I should highlight that the company decided to take this step only after seeing native ads had been delivering great results for quite some time. I’ve yet to see someone switching to native from paid social without testing it out. 

In this specific case, we managed to get as many leads as the client was getting on Facebook but for lower costs. But it’s not uncommon that leads that you drive with your native ad campaigns might be more expensive than the ones coming from Facebook. It pays off when you see the lead quality is actually higher on native. The number of visitors that convert after filling out a form on a landing page is usually higher than on Facebook. I think it’s related to the fact Facebook campaigns are usually over-optimized. 

Q: Do you create campaign content on your side or work with assets your agency clients provide you with? Which flow is better?

It depends on whether a client has an in-house marketing team and what kind of campaigns they’ve been running internally. 

It can be that they’ve never been running any paid campaigns before and have little understanding of how it all works – and it’s perfectly fine as we’re here to help them develop the right strategy and handle the whole thing for them.

Often, our clients provide us with landing pages (which are blog posts or typical transactional LPs) that we test and then find out that there’s a place for improving these assets.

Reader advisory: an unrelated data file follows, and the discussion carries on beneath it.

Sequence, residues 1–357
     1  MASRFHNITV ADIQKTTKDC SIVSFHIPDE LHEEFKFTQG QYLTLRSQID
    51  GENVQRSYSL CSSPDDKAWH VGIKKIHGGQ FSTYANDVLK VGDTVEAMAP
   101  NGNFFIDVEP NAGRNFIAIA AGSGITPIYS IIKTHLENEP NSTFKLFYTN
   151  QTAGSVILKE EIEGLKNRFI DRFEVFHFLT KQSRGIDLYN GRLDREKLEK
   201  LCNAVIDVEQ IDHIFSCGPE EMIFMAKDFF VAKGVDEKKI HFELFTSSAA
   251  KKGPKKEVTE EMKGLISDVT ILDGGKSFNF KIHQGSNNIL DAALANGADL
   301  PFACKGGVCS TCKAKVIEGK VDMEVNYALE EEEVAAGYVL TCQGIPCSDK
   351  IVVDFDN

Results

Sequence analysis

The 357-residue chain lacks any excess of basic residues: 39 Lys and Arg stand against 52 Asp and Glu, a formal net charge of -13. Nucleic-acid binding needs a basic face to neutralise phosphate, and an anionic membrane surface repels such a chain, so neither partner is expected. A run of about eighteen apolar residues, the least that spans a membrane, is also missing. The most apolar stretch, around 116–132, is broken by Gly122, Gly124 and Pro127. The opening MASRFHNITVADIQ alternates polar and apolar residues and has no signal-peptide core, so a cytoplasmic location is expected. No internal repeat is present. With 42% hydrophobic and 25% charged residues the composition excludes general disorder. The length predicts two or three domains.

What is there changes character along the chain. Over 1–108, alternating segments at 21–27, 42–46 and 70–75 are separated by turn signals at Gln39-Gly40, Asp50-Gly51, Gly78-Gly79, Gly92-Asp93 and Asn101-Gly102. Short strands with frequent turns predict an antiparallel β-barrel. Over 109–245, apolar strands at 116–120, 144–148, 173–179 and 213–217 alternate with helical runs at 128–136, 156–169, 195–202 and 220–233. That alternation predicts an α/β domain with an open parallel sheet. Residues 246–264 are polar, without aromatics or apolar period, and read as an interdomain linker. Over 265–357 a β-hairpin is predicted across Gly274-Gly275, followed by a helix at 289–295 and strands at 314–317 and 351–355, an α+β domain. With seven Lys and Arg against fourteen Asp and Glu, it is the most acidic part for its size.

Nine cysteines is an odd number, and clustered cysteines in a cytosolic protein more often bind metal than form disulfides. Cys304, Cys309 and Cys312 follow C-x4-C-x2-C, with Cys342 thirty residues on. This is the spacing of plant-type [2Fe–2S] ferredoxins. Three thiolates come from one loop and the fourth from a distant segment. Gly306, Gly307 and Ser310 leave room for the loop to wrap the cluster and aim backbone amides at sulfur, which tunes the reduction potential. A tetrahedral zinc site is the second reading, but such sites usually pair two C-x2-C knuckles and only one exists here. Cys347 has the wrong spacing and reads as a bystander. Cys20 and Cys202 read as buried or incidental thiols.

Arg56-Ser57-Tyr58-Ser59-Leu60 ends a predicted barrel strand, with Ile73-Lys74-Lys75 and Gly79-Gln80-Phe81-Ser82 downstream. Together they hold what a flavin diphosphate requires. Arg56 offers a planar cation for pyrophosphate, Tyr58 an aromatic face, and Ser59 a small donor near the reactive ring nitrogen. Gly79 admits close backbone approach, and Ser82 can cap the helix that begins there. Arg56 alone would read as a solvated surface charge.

Both approaches work for us, but I believe that assets developed specifically for native ad campaigns will always work better than the re-used ones. There’s a huge difference between native and other advertising channels, which is reflected in the way people interact with ads and landing pages. 

Q: In your opinion, what is the key to establishing a long-term effective relationship with Outbrain?

Working closely with your Outbrain Rep is the first tip coming to my mind. 

Every time you have some issues with ads approval or campaign tracking (which you’ll have on every ad platform), your Rep will take the hassle over and save your time. First, you might think that you don’t need any help – and you’re right, the Outbrain interface is quite intuitive – but you’ll be surprised with how well you can do when collaborating with the Rep.

They’ll point out things that you might have failed to notice or inform you of new features that will help you drive better performance.